This was the closing email I sent out for my Senate campaign:
I'd like to give my heartfelt thanks to all who worked on and supported my campaign for the Maryland state Senate. While we did not prevail, we participated in that grandest of American dreams, representative democracy, and we did so with dignity and integrity. Our team, led by Kevin Gillogly and Crystal Ebert, with team members Aaron and Jen Beytin and their agency, Chris Gallaway, Dan Woolf and Jeffrey Knighton and the squad at Fieldworks, Celinda Lake and her world-class pollsters at Lake Research, treasurer Chris Grewell and web mistress and social media guru, Sharon Brackett, and Mara Lasko, Alan Hyman, Hank Erslev and Jalakoi Solomon who did the heavy lifting, were completely professional and dedicated to the cause with passion and skill.
I wish the victor, Rich Madaleno, all the best as he continues to represent our district in Annapolis. I enjoyed the competition, and I hope this campaign leads to bigger and better things for the residents of Montgomery County. We are faced with daunting problems, and must remain steadfast to overcome them and create a more perfect union.
I'd like to take a moment to thank my friends. Political campaigns are about issues and policies, but they are most clarifying about character. You learn who your friends really are, and whom you can trust. I don't only mean those who are willing to support you in any given race; there is greater good character shown by those who choose not to support you politically but do so with grace and dignity.
And then there are those, individuals and institutions, who do the opposite, and create a culture which discourages participation and sours potential candidates, and the electorate, on the entire process.
So, friends, thank you for your support and participation. In these days of political paralysis and disengagement, your friendship and service is most welcome and appreciated.
Finally, from the Department of Small Consolations, while I didn't manage to win, I was the most successful Democratic challenger, with 42 percent of the vote, running against an incumbent bar one, and that only by 2 percentage points. No Democratic Senate incumbent was defeated. So in a year reminiscent of George Bush Sr.'s "Stay the course," we ran, according to my opponent, an "awe-inspiring campaign," and it showed. Not bad for America's first trans Senate candidate, 45 years after the Stonewall Uprising.
So this was a victory for the status quo -- at the top in Maryland, with Lieutenant Governor Brown being the most centrist of the candidates; in Montgomery County, with the incumbent county executive, Ike Leggett, also being centrist; and down through the legislatures in the state and county. So much so that my county is now 10 percent more conservative in representation than it was, when it could have become 25 percent more progressive. And Montgomery County had the lowest turnout in the state, at only 16.2 percent. That's not the effort candidates who work their hearts out want to see. Better to be rejected by heavy turnout than to have the election decided by party stalwarts amidst an atmosphere of indifference.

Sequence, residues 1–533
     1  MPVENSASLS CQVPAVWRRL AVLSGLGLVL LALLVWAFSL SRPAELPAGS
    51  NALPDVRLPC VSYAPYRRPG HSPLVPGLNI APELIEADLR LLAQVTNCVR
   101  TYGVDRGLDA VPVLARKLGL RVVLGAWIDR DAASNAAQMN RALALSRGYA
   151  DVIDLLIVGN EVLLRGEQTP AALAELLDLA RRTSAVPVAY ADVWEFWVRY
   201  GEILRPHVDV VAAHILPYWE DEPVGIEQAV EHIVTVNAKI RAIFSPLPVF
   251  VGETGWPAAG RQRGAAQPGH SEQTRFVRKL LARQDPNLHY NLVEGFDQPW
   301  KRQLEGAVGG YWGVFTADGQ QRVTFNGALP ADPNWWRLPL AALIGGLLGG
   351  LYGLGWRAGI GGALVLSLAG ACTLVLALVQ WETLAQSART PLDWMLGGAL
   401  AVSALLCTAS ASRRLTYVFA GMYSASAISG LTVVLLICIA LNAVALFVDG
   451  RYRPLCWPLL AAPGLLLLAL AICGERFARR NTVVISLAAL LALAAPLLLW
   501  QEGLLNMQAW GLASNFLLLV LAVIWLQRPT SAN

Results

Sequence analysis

We can no longer ignore the economic reality, thanks to Professor Piketty, that without forceful government intervention on behalf of the people, inequality will increase. The Supreme Court decisions from earlier this week, Burwell v. Hobby Lobby and Harris v. Quinn, make a bad situation worse. The situation is particularly bad for women, as most of the men on the Court had no regard for women's reproductive needs in the Hobby Lobby decision, nor for women's work in home health care, in the Harris decision.
The Tea Party knows how to put its ideology into political action, as witness the historic rebuke of Majority Leader Cantor two weeks ago in the Republican primary. Progressives, on the other hand, generally disdain political activity, which not only leads to more Republican victories, but also allows the Democratic Party to remain beholden to moneyed interests. Case in point was 2010 when the nation's Democratic majority, tired after the work to take over both Congress and the Presidency, and worn down by the Crash and ensuing recession, failed to turn up for the midterm elections. The result -- Republican control of the House, scheduled to last at least until 2022 thanks to the redistricting that occurred with the huge Republican takeover of state legislatures that same year, and the loss of a Senate Democratic supermajority. We will be paying for our fatigue and apathy for a long time.
What's to be done? Trends continue until they don't, and there is no way to predict when the turn in the trend will come. That elusive "tipping point" made famous by Malcolm Gladwell is obvious in retrospect, but all we can do now is continue working until the hoped-for spark comes to ignite a true progressive revolution dedicated to government action on behalf of the people.
I was honored to speak this past Monday at the Martin Luther King Memorial in DC for the 50th anniversary of the 1964 Civil Rights Act, part of a group asking that the CRA be amended to "Add 4 words -- gender identity and sexual orientation." The speakers - black, white and Hispanic, straight and queer - were all aware of the journey traveled and the distance left to traverse. Those civil rights have been tinkered with, constrained and, in the case of the Voting Rights Amendment, stripped of critical components, but they still stand tall, like the King Memorial. We are a better people because of the courage of those who created the conditions in which it could pass, and as its beneficiaries it is incumbent upon us to continue the battle. As Rabbi Tarfon said 2000 years ago, "It is not your obligation to complete the task, but neither are you free to evade pursuing it."